Saturday, February 21, 2009

Reminisin' 'bout life on da wadder

Visit from an old shipmate

Back in the era shortly before this photo of me as a kelp-diver was taken, I was hanging out with shipmates in Cordova, Alaska. One was Bob Westover. I hadn't seen him but once since the late '60's. He and his wife came up visiting and we all got together. A lot of his memories of those days were a complete blank to me. I used to get drunk a lot and chase the ghost of Dylan Thomas. But we both remembered the night that could have landed us in a military prison. We had a hard-drinking warrent officer sitting behind 3 of us lowly seamen in a bar (Westover, me and Jim Beckwith). Mister Schultz took a disliking to Westover and kept trying to pick a fight with him. We tried to ignore him but he wouldn't leave. He intended to wait for us to walk out at closing time and jump Westover. The bar closed, Schultz walked out, and as soon we were walking out, he tried to reach passed me and grab Westover. I grabbed this big, bear of a man who started spinning me around in the alley. Beckwith ran up and with one punch, placed Schultz on his back. Then Westover ran up (in his motorcycle boots) and started kicking him. Then we left.

Assulting an officer can result in "hard time" in a federal pen. If that wasn't bad enough, we figured that since it was war-time (Viet Nam), they could shoot us. But, what-the-hell, there was no where we could run off to, in the middle of Alaska, so we just went back to the ship to await certain incarceration.

They next morning, he was no where around until about noon. Then he walked back aboard ship with his arm in a sling. He'd just returned from the hospital where they tended to his broken collar bone (thanks to Westover's boots). He never said a word to anyone about the event.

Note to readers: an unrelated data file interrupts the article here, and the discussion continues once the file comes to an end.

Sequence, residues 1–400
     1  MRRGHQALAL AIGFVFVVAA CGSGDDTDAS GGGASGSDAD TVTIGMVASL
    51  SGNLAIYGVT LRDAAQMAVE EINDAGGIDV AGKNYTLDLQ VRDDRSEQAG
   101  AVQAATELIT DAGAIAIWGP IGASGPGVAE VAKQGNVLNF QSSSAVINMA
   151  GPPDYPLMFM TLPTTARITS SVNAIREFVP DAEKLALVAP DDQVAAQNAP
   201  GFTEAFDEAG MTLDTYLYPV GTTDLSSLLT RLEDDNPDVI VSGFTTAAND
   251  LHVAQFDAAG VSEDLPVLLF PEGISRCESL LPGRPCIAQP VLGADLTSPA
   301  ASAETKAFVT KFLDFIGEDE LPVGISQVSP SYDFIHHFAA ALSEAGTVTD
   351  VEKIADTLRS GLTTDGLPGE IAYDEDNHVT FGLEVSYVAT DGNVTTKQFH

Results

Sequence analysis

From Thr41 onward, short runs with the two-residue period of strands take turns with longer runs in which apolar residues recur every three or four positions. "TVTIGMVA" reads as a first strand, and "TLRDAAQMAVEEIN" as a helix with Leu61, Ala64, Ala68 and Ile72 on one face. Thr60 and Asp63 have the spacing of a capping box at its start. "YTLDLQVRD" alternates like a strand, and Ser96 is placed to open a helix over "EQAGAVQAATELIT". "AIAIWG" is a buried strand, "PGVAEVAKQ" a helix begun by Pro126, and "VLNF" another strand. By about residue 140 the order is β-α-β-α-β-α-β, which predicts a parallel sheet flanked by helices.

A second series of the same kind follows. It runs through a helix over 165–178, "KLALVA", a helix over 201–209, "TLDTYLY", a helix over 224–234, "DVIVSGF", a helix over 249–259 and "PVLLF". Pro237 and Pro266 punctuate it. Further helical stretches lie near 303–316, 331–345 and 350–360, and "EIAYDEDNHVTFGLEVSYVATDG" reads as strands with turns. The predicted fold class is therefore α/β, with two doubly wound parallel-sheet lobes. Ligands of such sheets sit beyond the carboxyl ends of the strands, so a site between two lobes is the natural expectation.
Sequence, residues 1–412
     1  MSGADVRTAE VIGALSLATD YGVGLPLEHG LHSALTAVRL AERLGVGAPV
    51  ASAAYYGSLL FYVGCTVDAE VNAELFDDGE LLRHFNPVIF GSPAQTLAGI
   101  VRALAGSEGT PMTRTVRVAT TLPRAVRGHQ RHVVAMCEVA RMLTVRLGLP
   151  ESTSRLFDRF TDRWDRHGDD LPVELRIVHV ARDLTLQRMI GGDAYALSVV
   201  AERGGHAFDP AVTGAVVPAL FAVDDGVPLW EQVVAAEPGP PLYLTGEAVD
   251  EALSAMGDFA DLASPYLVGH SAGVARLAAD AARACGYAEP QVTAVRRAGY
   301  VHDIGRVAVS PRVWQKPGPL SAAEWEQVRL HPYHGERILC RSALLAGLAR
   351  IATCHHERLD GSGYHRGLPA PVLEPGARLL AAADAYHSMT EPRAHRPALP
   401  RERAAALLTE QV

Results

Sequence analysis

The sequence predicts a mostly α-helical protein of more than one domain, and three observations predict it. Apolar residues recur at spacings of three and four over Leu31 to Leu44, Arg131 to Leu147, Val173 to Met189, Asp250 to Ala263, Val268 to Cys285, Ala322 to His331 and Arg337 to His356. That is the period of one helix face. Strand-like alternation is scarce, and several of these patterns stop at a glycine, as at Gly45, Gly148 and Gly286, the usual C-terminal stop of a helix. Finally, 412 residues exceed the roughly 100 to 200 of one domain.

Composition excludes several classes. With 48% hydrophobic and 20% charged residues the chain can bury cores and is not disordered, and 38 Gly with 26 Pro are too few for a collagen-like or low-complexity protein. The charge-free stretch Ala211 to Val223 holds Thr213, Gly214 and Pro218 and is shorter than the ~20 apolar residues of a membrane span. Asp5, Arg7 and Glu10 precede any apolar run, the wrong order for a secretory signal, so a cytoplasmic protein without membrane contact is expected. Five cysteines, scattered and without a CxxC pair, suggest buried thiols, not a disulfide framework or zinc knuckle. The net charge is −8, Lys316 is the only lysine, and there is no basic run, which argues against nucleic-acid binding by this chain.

I noticed yesterday, the sixty-something Westover now wears crepe-soled footwear. Ahhhh, maturity.

Wednesday, February 11, 2009

Begich and Boggs Missing Plane

Last night (2/10/09) I saw on the History Channel, "Alaska's Bermuda Triangle" full coverage of the '72 disappearance of Congressman Nick Begich and Speaker of the House Hale Boggs on a flight from Anchorage to Juneau. I remember the sonic booms of the U.S. spy plane as it searched and photographed a good portion of Alaska. No trace was ever found. It must have been a year or so later that Alaska State Trooper Ron Cole called me over to his office in Cordova to ask me if my diving partner Don Endicott and I could dive on a spot near Hinchinbrook Island. He told me that a local pilot spotted what looked like a fuel slick coming up out of the water about a mile off the beach of Hinchinbrook Island. It's a place called Johnstone Point and is the site of an unmanned white alice navigation facility. Ron showed me that if a straight line were drawn from Anchorage to the Juneau via the normal flight path, it would cross right over Johnstone Point. The slick coming out of the water fell right on that line he drew. He said since no trace was ever found of the plane, perhaps it went into the water. Then, he assume, after a period of time, perhaps some seal in the fuel system finally eroded and the fuel came out. The chart showed the depth was about 600 feet, so I told him "no", we couldn't do it. I don't know if he had any other ideas about what to do, but I hadn't heard anything more about. In those days, most fathometers and sonars were not scanners as far as I know. Anyway, a few months ago, I ran in to Anchorage Mayor Mark Begich (Nick's son) and told him the story. Sooooo, if any of you out there in cyberland, knows where Ron Cole is now, could you let me know or have him contact at I'd just like to know if there was any follow-up on that situation....Thanks. 
UPDATE: Ron Cole died January 2010. He was a good man. One time he flew to Anchorage on his own time and own expense and retrieved an old senile man who was in danger and brought him back to Cordova. He did that at my request. In turn, I would scuba dive to recover murder weapons for him or submerged bodies at no charge. Those were the days when people did things like that.